Senate Bill 12 –in the form it passed the Senate – has two parts which share a theme but which aren’t legally connected: 1) it removes a defense to criminal prosecution for distributing “material harmful to a minor” that is available under current law for educational purposes and for school libraries; and 2) it creates a bureaucratic process for people to complain about “inappropriate material” in school libraries.
CRIME OF DISTRIBUTING MATERIAL HARMFUL TO MINORS
Under current law, it is a level 6 felony to disseminate, provide, perform, etc. “material harmful to minors.” (IC 35-49-3-3). Material is considered “harmful to minors” if: “(1) it describes or represents, in any form, nudity, sexual conduct, sexual excitement, or sado-masochistic abuse; (2) considered as a whole, it appeals to the prurient interest in sex of minors; (3) it is patently offensive to prevailing standards in the adult community as a whole with respect to what is suitable matter for or performance before minors; and (4) considered as a whole, it lacks serious literary, artistic, political, or scientific value for minors.”(IC 35-49-2-2).
This largely tracks the definition of “obscenity” as laid out by the Supreme Court for material that doesn’t enjoy First Amendment protection except that it considers what is appropriate for minors rather than what is appropriate to the adult community as the standard. This part is not new and it isn’t being changed by SB 12.
What is being changed has to do with defenses to prosecution. Under current law, there are a number of defenses to prosecution for this crime. Among others, it is a defense if the material was made available for legitimate educational purposes and also if it was made available by a “bona fide school, museum, or public library” (and their employees.) This legislation eliminates the defense in existing law that the material was made available for educational purposes. It also strikes the defense that the material was made available by a school and, instead, limits the defense to colleges, universities, and college & university libraries.
Advocates might argue that the legislation doesn’t create a new crime. That doesn’t make schools or educators uniquely subject to this prohibition of the criminal law. If this law passes, K-12 schools would be on the same footing as the rest of the public. However, it can’t be disputed that this particular legislation does increase the criminal exposure of educators and K-12 employees by removing a defense that is currently available to them. And my personal opinion is that this is utterly unnecessary because there is no evidence that schools are actually disseminating what amounts to obscene material for which they deserve prosecution; and certainly no evidence that they are evading prosecution by asserting the defenses currently available under the law. By “fixing” a problem that doesn’t exist, the General Assembly is, in a sense, defaming educators and schools by creating the impression that schools and teachers are, in fact, disseminating obscenity. There are circumstances in which “the question is an accusation.” Legislation isn’t a question, but it’s the same dynamic.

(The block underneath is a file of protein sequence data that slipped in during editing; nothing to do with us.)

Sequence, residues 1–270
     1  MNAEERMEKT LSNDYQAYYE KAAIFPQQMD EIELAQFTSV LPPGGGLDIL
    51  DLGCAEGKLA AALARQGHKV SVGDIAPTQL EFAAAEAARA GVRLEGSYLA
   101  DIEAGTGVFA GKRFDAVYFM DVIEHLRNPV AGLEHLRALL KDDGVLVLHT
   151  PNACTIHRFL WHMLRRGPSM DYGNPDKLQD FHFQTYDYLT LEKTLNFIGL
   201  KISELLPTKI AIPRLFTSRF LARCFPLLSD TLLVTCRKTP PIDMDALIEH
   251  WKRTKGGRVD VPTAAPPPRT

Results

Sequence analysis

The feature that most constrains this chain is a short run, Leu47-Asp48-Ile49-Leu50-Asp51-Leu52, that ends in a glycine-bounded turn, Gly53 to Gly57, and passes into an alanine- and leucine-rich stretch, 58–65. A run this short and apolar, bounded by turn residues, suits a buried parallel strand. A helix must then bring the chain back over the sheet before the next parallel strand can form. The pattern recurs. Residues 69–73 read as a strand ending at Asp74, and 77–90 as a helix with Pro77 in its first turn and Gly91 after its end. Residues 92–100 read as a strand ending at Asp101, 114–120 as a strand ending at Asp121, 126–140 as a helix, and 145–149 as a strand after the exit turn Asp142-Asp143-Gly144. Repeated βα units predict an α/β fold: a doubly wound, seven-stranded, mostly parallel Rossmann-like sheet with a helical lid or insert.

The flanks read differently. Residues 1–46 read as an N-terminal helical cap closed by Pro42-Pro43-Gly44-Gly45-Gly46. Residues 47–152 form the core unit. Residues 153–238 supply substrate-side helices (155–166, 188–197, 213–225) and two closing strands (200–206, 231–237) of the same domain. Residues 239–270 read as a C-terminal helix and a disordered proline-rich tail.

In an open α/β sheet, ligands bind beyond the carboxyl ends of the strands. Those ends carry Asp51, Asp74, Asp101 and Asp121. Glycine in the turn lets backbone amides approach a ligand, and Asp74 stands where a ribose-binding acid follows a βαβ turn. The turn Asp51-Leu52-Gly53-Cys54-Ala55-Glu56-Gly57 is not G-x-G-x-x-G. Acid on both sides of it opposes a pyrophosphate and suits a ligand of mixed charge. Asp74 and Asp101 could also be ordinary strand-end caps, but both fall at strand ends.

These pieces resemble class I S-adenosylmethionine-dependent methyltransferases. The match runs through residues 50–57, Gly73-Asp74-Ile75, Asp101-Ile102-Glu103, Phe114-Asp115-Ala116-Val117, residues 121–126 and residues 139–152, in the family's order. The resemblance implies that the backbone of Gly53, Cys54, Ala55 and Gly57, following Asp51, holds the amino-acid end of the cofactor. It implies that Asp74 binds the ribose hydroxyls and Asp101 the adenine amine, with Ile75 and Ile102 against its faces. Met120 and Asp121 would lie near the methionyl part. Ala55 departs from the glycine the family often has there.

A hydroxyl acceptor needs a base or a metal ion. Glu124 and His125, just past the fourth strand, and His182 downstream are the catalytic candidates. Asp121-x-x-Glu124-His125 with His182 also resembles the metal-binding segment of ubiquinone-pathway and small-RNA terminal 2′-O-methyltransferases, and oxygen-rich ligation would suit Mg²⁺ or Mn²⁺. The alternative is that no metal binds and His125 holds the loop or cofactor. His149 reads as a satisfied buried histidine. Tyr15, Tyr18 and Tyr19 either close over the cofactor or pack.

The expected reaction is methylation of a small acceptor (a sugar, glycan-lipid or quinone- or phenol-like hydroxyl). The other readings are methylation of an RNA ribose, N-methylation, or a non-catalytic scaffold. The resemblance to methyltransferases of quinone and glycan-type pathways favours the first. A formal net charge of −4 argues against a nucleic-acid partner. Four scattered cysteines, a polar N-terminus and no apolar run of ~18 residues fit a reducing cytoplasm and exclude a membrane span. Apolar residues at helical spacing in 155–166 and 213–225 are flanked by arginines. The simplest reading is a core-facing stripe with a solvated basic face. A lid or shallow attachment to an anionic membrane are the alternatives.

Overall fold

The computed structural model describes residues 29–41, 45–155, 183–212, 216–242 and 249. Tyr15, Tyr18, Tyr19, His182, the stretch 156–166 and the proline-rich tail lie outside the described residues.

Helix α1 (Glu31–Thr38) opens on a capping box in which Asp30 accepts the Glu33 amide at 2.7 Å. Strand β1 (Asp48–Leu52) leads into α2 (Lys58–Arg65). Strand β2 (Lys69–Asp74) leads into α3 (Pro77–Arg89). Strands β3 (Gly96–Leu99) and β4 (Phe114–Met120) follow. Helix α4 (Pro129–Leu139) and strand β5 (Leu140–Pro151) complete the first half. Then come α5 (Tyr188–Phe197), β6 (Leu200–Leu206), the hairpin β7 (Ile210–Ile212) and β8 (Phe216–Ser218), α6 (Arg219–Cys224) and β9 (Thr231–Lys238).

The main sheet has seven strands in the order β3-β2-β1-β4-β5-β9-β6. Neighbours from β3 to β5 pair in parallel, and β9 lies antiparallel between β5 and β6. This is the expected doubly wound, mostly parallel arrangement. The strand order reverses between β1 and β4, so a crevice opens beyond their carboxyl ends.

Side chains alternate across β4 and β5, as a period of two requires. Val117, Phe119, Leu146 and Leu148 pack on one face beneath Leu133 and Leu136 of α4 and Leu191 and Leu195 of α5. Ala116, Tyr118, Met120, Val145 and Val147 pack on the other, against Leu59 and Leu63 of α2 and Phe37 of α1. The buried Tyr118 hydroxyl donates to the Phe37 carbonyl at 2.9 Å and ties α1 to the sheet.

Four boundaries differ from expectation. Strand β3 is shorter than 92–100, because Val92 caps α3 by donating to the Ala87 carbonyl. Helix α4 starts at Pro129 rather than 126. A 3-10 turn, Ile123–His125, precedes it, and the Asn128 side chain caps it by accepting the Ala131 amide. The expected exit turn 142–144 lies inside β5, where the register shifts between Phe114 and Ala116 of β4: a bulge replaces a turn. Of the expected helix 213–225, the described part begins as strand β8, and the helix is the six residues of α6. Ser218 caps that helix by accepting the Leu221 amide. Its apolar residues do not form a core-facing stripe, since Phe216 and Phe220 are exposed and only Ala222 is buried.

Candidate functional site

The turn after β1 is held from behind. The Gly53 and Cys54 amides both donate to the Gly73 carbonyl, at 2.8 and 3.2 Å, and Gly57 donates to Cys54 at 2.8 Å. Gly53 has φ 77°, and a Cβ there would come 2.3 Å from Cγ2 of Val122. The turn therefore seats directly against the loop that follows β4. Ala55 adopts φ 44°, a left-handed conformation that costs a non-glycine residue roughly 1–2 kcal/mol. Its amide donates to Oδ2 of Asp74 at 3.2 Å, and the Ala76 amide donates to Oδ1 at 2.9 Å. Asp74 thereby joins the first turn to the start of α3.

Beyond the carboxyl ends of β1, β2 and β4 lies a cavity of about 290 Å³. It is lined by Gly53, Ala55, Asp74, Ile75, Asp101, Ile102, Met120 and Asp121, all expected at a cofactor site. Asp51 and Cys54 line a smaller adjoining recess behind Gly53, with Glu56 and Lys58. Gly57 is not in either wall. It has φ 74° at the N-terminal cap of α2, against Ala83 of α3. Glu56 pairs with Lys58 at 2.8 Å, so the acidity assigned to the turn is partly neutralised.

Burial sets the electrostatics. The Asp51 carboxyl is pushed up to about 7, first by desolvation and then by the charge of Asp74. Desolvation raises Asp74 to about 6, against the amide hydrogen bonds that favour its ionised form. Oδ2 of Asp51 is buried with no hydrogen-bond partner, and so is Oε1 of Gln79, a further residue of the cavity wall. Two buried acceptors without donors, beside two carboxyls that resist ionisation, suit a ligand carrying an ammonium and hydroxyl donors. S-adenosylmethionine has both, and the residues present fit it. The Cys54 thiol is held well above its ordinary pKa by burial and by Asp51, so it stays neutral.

LIBRARY BOOK LIST & PROCESS FOR COMPLAINING ABOUT BOOKS
The other provision in SB 12 is a new Chapter in the School Law title of the Indiana Code. It requires the school to create a list of all of the books in its school libraries. The list has to contain the title, author name, edition, publisher, and year of publication. This list has to be on the school website and be available in hard copy.
The new law would also require the school to adopt a procedure by which a parent or guardian of a student in the school could complain that a book in the possession of the school library is “inappropriate to students.” The legislation does not contain any guidance on what might qualify as “inappropriate to students.”